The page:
This business-is-fun atmosphere, mixed with our homegrown E85 ethanol fuel, has led the financial industry to embrace us, creating the now 41,000* plus jobs within this sector. People nationwide wanted to do businesses with us because, fact is, we’re just plain nice. See: 10 insights an RIA software CEO gleaned from Warren Buffett at the Berkshire Hathaway shareholders’ meeting.
Recipe for success
To some, the recipe for success is simple: get your business idea funded with someone else’s money, build it, sell it, and retire on the beach. Not Omaha. Not only do our most-seasoned advisor professionals not leave when they find success, they buy (with the exception of Warren Buffett, who just kept his old one) houses here, build lives here and do their best to lift those up who may just be starting out.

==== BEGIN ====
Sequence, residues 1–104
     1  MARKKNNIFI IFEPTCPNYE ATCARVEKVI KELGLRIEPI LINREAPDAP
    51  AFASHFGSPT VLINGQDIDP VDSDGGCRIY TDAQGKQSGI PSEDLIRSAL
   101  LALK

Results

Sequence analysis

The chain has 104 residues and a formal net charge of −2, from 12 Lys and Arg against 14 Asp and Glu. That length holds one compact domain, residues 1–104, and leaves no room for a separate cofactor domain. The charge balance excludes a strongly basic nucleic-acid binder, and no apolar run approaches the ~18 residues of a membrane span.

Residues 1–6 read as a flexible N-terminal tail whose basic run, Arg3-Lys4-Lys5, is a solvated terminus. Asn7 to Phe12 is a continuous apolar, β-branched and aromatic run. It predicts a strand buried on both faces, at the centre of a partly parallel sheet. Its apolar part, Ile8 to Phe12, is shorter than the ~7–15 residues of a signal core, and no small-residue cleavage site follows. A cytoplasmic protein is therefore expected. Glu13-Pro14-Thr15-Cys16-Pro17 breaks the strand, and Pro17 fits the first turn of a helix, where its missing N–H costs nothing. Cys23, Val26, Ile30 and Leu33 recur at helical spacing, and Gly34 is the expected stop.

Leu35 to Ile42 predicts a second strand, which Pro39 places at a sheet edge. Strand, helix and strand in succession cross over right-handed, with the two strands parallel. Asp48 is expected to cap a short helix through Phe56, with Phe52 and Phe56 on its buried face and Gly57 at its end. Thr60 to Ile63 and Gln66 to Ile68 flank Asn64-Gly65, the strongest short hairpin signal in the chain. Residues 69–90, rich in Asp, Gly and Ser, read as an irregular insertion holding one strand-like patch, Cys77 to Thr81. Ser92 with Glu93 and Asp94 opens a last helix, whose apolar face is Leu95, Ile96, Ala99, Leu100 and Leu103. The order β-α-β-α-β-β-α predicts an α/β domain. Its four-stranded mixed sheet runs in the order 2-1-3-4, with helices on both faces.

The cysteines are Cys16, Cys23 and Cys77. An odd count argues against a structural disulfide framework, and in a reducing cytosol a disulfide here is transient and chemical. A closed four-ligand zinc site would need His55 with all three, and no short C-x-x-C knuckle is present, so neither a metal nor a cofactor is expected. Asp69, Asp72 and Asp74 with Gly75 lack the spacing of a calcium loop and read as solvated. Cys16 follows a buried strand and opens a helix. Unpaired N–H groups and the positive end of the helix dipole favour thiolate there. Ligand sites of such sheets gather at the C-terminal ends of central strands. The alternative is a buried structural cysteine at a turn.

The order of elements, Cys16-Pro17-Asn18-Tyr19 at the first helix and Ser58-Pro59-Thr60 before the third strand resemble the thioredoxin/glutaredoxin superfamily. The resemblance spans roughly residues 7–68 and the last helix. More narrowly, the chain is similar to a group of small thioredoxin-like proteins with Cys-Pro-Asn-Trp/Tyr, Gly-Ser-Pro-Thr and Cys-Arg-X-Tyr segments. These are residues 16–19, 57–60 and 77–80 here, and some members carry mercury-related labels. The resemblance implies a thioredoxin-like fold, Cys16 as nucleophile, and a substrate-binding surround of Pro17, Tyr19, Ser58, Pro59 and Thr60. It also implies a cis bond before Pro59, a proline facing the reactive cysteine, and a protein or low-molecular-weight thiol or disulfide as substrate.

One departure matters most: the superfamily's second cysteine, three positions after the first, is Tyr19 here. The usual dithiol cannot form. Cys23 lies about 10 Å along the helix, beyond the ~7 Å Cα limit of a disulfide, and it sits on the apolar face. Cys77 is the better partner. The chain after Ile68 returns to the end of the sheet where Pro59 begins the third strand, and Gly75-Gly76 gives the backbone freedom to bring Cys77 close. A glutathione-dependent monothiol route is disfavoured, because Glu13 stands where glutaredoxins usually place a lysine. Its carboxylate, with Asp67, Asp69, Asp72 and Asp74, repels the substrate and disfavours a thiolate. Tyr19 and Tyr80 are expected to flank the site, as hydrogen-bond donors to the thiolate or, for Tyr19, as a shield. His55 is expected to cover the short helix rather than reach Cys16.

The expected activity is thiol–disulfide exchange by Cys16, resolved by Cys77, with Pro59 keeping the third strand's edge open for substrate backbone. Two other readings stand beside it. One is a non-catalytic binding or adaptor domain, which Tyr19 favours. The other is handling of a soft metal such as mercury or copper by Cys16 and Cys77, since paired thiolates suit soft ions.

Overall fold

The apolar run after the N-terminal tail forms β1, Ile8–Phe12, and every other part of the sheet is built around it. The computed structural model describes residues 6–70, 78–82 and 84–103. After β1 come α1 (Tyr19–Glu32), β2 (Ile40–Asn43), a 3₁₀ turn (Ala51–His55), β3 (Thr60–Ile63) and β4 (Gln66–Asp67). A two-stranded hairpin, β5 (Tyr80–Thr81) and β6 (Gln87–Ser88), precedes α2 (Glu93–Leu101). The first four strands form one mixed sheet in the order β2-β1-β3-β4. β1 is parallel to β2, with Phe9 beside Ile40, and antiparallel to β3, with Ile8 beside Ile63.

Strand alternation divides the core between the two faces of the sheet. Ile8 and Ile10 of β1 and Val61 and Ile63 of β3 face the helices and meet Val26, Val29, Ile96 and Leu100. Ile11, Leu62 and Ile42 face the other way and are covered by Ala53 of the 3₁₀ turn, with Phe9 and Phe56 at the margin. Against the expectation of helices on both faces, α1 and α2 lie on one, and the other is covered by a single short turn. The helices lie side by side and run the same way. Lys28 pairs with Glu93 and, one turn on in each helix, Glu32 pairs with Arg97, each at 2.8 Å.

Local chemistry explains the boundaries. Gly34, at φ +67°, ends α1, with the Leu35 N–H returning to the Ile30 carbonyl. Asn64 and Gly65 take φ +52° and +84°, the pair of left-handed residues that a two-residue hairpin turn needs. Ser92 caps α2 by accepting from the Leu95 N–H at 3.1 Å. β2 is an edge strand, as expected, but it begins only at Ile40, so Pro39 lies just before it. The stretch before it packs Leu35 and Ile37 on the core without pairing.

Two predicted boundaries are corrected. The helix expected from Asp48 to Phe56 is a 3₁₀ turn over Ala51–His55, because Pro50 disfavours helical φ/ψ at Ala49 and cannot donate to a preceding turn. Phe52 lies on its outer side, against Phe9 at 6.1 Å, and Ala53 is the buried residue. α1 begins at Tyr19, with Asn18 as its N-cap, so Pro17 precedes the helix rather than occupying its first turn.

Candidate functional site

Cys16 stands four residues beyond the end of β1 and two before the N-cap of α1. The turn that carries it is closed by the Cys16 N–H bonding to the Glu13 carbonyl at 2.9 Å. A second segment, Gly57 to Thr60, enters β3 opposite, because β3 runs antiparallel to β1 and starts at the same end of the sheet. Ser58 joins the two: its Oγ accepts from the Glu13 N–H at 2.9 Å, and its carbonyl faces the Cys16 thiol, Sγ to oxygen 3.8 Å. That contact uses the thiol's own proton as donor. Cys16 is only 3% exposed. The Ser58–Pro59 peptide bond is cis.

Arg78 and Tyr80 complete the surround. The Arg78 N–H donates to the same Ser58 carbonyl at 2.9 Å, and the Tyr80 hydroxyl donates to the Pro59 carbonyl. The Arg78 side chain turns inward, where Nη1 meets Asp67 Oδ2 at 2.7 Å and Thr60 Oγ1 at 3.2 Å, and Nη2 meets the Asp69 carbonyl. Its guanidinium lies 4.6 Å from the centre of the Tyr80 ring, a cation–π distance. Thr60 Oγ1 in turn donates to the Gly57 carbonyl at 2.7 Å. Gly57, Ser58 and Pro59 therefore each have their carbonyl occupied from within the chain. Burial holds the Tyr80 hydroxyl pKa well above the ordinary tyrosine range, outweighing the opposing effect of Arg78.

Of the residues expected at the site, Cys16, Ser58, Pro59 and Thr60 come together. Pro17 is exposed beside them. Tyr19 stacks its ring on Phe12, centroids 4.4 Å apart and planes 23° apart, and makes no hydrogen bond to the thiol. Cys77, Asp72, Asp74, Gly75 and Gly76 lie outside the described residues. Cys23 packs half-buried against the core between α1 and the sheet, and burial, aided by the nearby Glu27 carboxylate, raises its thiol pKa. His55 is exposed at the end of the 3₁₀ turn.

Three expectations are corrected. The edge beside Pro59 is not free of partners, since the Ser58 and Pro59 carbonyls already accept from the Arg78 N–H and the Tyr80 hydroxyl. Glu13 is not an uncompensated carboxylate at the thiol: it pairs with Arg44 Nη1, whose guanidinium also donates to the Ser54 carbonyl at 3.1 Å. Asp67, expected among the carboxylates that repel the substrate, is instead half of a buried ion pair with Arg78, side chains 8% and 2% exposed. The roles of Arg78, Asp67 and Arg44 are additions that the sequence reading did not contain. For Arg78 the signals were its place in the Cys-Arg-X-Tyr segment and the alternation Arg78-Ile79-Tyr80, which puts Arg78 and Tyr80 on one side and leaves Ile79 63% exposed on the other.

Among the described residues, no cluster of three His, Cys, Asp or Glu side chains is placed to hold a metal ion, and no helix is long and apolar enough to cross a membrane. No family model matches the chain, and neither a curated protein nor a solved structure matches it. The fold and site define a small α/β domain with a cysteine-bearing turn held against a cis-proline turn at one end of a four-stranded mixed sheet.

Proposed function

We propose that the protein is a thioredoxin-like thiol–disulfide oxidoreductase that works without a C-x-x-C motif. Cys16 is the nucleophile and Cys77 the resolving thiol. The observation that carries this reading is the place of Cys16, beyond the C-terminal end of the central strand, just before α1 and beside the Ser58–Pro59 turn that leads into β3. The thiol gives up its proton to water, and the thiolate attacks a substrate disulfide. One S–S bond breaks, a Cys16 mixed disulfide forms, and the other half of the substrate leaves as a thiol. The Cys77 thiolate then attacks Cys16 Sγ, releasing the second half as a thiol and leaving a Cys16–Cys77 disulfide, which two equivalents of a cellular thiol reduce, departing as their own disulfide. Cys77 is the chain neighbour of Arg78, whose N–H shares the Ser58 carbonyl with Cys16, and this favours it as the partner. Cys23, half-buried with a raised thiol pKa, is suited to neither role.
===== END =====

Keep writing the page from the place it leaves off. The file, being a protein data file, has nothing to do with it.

Take Ron Carson, who built a billion-dollar-plus advisory business starting out of his dorm room at the University of Nebraska — he went on to start PEAK Advisor Alliance, helping hundreds of other advisors to leapfrog their way to success by sharing his experience. And Ron is hardly resting on his laurels as he continues to spin out new businesses by rolling up other ones. See: Ron Carson launches roll-up/TAMP-like venture with Envestnet, TD Ameritrade and Advizent as puzzle pieces.
From Big Apple to fruited plains
TD Ameritrade Holding Corp. chairman Joe Moglia fell in love with Omaha and relocated here from New York. We’re not sure what sold him —- we think he may just love apple farms. What we do know is that people are attracted to us because we enjoy building relationships. We believe that bootstrapping and organically building a business that’s focused on the customer first, and long-term business results second, is a Midwest formula that works.
What you may also begin to notice more about Omaha firms in the RIA business is that we like each other and have begun to explore ways to better work together. See: Orion wins a $2-billion RIA account from Advent after two very long drives across the prairie. one good example of that was the joint venture recently formed by our company and Securities America. See: What Securities America and NorthStar Financial are up to with the creation of Arbor Point.